Can a cruel upbringing be
Monday January 30, 2006
Hello Alice Miller,
I am also, sadly, a survivor of a brutal (and sometimes loving) upbringing; emotionally and physically beaten and humiliated. I think for myself it’s the humiliation that has wreaked the most havoc in my
life. I am now 45 and have two children of my own. I, somehow, decided right from the start that I was never going to punish my kids in any way that would case them physical and emotional pain. However, I am finding it a little more difficult to restrain and retrain myself to do the same vis-a-vis emotional bagage. Anyhow, the main reason I write you today is to ask: how do I go about explaining to people (especially my mother), without insisting that they read your book, that their complete memory blanks and their inability to remember what life was like as a child is because they suffered under extreme physical and/or emotional hardship. It is so hard to get that through because I think that they have survived up until now by blocking it out, by locking it away somewhere. My mother is now an alcoholic and I know she suffered as a child, and yet still, she maintains that a little slap or whack on the bum will startle a child out of “bad” behavior (not that this is what was carried out in terms of the physical punishment she meted out to my brother and I-it was much much more violent and brutal and often). She cannot see the link and I wish there were some way to help her make the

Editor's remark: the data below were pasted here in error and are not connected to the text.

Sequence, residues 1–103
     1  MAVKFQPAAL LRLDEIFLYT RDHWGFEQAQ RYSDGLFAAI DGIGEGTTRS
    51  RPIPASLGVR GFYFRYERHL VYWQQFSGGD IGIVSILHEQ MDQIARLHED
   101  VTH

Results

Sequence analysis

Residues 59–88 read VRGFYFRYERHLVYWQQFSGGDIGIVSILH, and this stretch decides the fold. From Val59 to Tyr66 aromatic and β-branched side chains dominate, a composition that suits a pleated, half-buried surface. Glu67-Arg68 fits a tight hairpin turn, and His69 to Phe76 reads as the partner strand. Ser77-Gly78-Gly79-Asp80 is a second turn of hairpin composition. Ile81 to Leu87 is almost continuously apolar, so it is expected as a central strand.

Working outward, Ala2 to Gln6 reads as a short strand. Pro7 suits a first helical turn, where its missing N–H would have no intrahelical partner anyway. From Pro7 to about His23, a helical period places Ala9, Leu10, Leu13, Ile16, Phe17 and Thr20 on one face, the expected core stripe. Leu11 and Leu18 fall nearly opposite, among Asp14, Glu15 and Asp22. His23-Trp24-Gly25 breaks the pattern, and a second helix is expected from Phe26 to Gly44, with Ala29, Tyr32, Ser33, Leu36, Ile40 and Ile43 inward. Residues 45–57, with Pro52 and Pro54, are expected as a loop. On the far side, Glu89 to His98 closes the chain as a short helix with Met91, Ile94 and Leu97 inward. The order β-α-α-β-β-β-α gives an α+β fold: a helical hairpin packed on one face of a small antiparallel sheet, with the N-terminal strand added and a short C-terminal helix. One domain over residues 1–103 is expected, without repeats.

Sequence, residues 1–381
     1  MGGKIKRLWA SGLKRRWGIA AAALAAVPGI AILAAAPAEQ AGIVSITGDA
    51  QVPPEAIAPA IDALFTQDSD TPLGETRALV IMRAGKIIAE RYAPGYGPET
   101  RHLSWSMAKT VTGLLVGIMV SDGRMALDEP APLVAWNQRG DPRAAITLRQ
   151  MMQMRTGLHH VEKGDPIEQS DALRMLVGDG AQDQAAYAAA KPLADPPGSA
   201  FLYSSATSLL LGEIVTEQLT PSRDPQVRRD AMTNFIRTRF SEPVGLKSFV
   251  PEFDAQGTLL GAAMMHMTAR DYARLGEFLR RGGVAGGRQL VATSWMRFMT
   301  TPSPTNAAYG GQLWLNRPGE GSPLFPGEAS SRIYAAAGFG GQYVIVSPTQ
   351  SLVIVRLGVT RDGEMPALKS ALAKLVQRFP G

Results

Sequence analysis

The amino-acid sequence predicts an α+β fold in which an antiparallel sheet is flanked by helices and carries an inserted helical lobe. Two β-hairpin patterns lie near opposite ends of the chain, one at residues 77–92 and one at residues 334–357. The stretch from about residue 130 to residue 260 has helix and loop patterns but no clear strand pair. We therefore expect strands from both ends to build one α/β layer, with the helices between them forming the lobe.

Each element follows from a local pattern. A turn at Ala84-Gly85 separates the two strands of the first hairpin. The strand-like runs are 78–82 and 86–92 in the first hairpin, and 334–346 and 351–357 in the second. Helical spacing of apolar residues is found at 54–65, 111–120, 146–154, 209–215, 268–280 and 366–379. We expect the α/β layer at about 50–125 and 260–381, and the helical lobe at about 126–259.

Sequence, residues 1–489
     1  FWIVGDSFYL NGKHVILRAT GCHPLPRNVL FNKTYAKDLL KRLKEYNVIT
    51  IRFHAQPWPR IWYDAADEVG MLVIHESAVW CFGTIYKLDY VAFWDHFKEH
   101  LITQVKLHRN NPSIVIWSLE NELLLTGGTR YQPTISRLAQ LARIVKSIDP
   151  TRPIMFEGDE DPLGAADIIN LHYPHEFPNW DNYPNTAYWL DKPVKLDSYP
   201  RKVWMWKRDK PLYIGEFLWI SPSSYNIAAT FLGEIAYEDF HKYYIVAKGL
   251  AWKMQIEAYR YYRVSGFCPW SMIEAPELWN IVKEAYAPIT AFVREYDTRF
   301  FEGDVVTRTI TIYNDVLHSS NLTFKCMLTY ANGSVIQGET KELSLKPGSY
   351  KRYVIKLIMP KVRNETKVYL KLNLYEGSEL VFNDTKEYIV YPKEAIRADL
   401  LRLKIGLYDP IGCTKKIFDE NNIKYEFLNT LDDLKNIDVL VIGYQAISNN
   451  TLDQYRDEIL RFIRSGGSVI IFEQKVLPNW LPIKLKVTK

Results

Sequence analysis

M in Canada
AM: Can a cruel upbringing be “sometimes loving”? Please read my answer to Duncan from February 1. It deals with the same question: Is a person allowed to beat a child and pretend to love her/him? Why? Is the hurt child forced to believe that? is this correct? why?